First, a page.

For groups to qualify for USADF support however, they must be legally registered with the government and must have operated in their area of specialization for more than three years. Financial reports and data records must also be in order.
USADF has some 22 active projects in Rwanda, where the agency is working to promote a new initiative, the Academy for Women Enterprenuers.
Kayigi says the greatest challenge USADF has faced while working with farmers is on skills development, because most of the farmers lack the necessary education. Although nearly 80 percent of Rwandans under 24 years of age have been educated by aggressive government initiatives, the literacy rate among people 65 and older remains below 60 percent.
Another challenge had been how to transport produce to the export market. Rwanda has struggled because of its geographic positioning. The country does not have direct access to sea ports, as do Kenya and Tanzania. Through partners like ADC, farmers have been able to gain production, processing and even infrastructure positioning.
With a renewable contract with USADF, Ruzibuka of ADC says her organization has helped coffee farmers in Rwanda adjust to the pressures of climate change. ADC trains farmers on how to adapt coffee trees that are less affected by erratic weather and new pests and diseases, in a particular region. ADC has trained farmers on water harvesting techniques, where the water collected is used to wash the coffee, instead of using water sources that must be purchased.
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“We have also helped farmers streamline their leadership structure within the cooperatives, so that they feel they own the process of generating their products from production to the end market,” says Ruzibuka. Farmers are now able to access health insurance, school fees and farm incentives like fertilizers.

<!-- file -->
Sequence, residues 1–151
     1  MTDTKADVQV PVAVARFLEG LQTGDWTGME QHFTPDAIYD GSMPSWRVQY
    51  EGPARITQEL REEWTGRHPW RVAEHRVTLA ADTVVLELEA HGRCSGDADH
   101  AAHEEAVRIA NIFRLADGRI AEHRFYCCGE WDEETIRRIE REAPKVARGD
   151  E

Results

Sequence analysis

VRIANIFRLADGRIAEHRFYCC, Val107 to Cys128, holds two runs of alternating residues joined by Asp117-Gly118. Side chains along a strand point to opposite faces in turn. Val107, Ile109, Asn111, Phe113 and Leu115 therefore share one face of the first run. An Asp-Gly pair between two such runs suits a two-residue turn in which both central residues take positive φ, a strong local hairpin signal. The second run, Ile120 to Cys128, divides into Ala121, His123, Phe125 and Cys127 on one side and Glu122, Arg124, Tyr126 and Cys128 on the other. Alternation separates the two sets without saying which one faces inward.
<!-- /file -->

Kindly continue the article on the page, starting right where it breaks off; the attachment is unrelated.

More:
Future prospects are keeping Karekezi’s eyes open at RWASHOSCCO. As the fourth – and the only female – managing director at the cooperative, she is keen on enabling women build brands from other products for the international market in the next five years.
Through the International Women’s Coffee Alliance (IWCA), she says, she is creating opportunities for RWASHOSCCO to source coffee from the other 22 chapters of the alliance in Africa.
Karekezi says RWASHOSCCO has acquired the certification needed for the international market like Fiartrade, Organic Coffee, UTZ and Rainforest Alliance. The cooperative is also working to acquire the Food Safety Management Systems certification.
For now, however, she would like Angelique’s Finest to flood local and international markets, while also protecting Rwanda coffee exports by registering them as international brands.
“We want to remove middlemen from the coffee value chain, because they have been fleecing farmers. This way farmers’ incomes will increase, because they are directly linked with their coffee consumers in Europe and other export destinations,” says Karekezi.